Black Woman seeks love

Dating (or not) as a single Black female addicted to retail

A few years ago there was an article released in Psychology today that talked about Black women as the least desirable women on the planet. A few years ago little Black girls like me with curious minds were inundated with statistics about our lack of desirability regarding interracial relationships, our numerous baby daddy’s, and overall inability to hold onto a man. I don’t know why this is the first thing I’m publishing on Medium. I guess it’s because I’m trying really hard to be the person I needed when I was growing up.

As I approach both my 23 birthday and receiving my first bachelors degree, I have so much going for me and I still feel lonely. While I joke a lot about slowly making my way towards 40 year old virgin status (bruh I haven’t even been on a date) sometimes I seriously get terrified of the possibility that I’ll end up alone. I wish that being alone and being lonely felt like two completely different things, they don’t. I wish that I didn’t feel like being alone was the worst thing I could be. Impressing upon young people, young women specifically , that they are incomplete without someone else is dangerous. It makes you settle. It causes you to be complacent and you allow yourself to be hurt because you think being alone is the worst thing you can be. It’s not. Being mistreated is.

When I got accepted to Howard University in 2014 my parents beamed with pride that I had been accepted to their alma mater. An older woman in the church said oh you’re gonna find a husband there for sure. The assumption that I was going to college to get married felt like a violation of my intellect and everything I was trying to accomplish with furthering my education. This is not a put down of people who found each other in college, my parents did, but for me men were initially the last thing I needed to be worried about, but by my second year at the University of Oklahoma (how’d you end up there instead of Howard? Another story entirely) I felt the loss and I felt left out. I felt like I was doing something wrong. Being single and living for yourself is not wrong. Learning who you are without a significant other is not wrong. I wish someone had been brave enough to tell me that.

I wish that more Black women had told me about dating while being a Black woman. Back in high school I didn’t know what it meant to be a fetish, but I do now. At my first high school dance multiple groups of white boys would surround me at a time. I didn’t question it. I thought we were all just dancing and having a good time until they started making grabs for my body. At one point one slapped my ass so hard he caused sequins & beads to fall from my dress. At the time I believed it to be an isolated incident, but the more time I spent on the Irish South side of Chicago at a private all girls high school the more I learned about segregation regarding dating as a Black woman. I can’t tell you the amount of times my friends told me about the young Black men who said, “I don’t date Black girls.” Again I believed it to be an isolated incident. What I think is most fascinating about this is that other people think that People of Color play the race card too frequently, but who would want to be treated like this? My freshman year of college I befriended a lot of International students. I was taking courses in Chinese and I learned a lot about other cultures and people when I made friends with them. (I was also in the cultural hub of Muncie, Indiana my year at Ball State again another story) I was in math class with a group of Middle Eastern students and I thought they were cool so even after I dropped the math class I still kept in touch with a few of them. One of them messaged me on Facebook late one night asking if I would be willing to kiss him. I questioned his motivation, did he like me, did he think I liked him, did he want to date me, why did he want to kiss me? His reasoning was because he had never kissed a Black girl. He promised me that he was clean and didn’t have mono or anything, I told him no and he responded with, “hahaha i was joking with you lol. i will just kiss my black girl next door and send you the pic tonight, but i never wanted to kiss you in frist place just wanted to see your reaction. hahaha you are soo sensitive.” (Literally direct quote. I went back to the messages to make sure I didn’t imagine this.) Moment after moment I had charged it to the game. Marked them all as isolated incidents, but there has to be a moment where I’m honest with myself and that moment is now. Dating as a black woman is a drastically different beast than anyone I was prepared for. From the men you crush on saying that they can’t see themselves with black women to men wanting to kiss you simply because you’re Black. Trying to date as a Black woman involves questions like does he like Black women, does he fetishize me, am I the first Black woman he’s dated, am I his flavor of the month? Also, like literally I’m over the fascination with my ass. Like I love my ass too, but just this weekend I was out with my best friend trying to dance and have a good time. Four men grabbed my ass and another asked if he could pee in my ass and I need that to stop. You can love my booty, but you also need to respect my booty (and my body as a whole).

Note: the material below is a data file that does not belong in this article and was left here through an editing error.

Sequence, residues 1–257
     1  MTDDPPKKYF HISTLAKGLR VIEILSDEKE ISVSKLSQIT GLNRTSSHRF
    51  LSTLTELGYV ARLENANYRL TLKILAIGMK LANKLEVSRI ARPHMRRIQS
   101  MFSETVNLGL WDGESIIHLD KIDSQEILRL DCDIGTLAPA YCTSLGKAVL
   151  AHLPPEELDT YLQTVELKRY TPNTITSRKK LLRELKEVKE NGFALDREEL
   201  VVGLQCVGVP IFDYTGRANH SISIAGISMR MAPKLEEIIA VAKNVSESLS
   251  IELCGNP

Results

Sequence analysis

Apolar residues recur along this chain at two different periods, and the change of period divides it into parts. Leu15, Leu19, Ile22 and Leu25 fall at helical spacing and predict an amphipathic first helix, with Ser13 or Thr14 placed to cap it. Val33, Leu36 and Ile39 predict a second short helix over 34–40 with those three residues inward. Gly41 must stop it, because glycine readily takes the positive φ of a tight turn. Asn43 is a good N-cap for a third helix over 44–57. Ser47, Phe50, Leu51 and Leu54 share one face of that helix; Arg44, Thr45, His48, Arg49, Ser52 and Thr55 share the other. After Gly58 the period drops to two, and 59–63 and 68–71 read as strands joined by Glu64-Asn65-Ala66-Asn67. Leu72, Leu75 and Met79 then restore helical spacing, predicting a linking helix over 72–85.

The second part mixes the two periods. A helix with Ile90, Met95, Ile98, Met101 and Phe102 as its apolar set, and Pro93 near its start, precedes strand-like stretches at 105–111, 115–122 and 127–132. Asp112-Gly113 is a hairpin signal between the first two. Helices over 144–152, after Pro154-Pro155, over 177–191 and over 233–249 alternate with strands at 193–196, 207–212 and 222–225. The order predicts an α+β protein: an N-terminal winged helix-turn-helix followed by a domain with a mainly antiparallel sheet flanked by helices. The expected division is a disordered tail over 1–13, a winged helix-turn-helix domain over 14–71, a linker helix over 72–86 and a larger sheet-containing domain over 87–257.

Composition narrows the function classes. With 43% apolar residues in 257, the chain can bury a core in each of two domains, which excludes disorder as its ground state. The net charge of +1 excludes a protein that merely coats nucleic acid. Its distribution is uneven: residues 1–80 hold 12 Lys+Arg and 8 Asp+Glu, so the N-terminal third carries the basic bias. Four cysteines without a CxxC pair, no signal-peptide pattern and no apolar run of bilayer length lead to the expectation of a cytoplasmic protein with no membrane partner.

I want to say to those young girls who feel like they’re missin out, “You good boo.” I want to say to the young Black girls, you’re worth more than what they’re giving you if what they’re giving you is what is mentioned above. And I want to say to myself future, past, and present, When and if we find someone we need to be able to articulate who we are as a person. I want to be sure of myself so I don’t loose myself, because I’ve seen so many people who lost themselves and lost their happiness and peace. I’ve fought to become myself; I hope I’ll fight just as hard to keep her.